Are application vulnerabilities still a risk

Vulnerabilities are bugs in a program's code, this means software can be exploited. In this post we explain why minimising application vulnerabilities is more essential than ever.

With advanced firewalls, anti-virus software, and other protection in place, it can be easy to believe your organisation's information is safe. Does it really matter if applications are built without vulnerabilities anymore? Vulnerabilities are bugs in a program's code, that mean that the software can be exploited in a way that the original developer didn't intend. In this post we explain why minimising application vulnerabilities is more essential than ever.

A Vulnerability Example

There's lots of application vulnerabilities I could use as an example, but one of the most common is SQL injection. SQL injection is possible when a software developer fails to properly sanitate user input. When exploited, the vulnerability allows an attacker to execute queries against your database. The attacker can then use that power to extract sensitive information, grant themselves unrestricted access, delete data and more. The problem with SQL injection attacks and similar is that they're not going to be stopped by your organisation's firewall, anti-virus, or other advanced software/hardware.

So Are We Helpless?

Put simply, if your developers don't know how to prevent these vulnerabilities from making it into your code, your company's sensitive information is vulnerable. That doesn't mean the situation is helpless though. Your organisation can make changes to reduce the number of vulnerabilities that make it into your company's applications, in turn vastly reducing your information security risk.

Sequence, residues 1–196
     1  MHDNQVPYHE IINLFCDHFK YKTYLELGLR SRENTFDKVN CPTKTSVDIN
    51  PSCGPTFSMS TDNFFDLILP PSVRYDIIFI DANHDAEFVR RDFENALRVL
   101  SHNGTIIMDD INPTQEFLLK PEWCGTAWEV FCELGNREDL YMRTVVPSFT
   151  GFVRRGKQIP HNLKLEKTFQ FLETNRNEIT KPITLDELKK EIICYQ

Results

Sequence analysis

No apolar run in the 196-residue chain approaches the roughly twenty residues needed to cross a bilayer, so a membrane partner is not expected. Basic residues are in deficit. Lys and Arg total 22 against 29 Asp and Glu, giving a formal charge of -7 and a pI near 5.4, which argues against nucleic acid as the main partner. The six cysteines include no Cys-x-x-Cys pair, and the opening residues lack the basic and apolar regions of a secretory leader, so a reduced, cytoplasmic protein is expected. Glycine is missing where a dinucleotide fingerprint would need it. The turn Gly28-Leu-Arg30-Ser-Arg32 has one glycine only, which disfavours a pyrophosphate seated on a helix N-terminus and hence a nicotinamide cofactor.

Take Secure Development More Seriously

The solution to the problem is to take secure software development more seriously. That doesn't mean sending all of your organisation's developers on a "set-it-and-forget-it" course for a day, and hoping that lasting change will come as a result. It means:

  • Investing in ongoing training for software developers, and regularly testing developers to ensure that they're aware of best practices.
  • Making secure development a priority early on in the software development lifecycle, to minimise cost and risk.
  • Developing secure software development processes, that don't allow one point of failure. Code reviews should become mandatory.
  • Performing regular penetration tests to find software vulnerabilities, and resolve them before they become an issue.
  • Threat modelling, to determine the most likely ways attackers will attempt to exploit the software your organisation produces.

If companies took secure development more seriously, information security risk would be vastly diminished. Do you want to find your organisation on a list of failures like this one next year? The average brand damage that results from an information security breach is $180-$330 million. What steps can you take today to reduce that risk?

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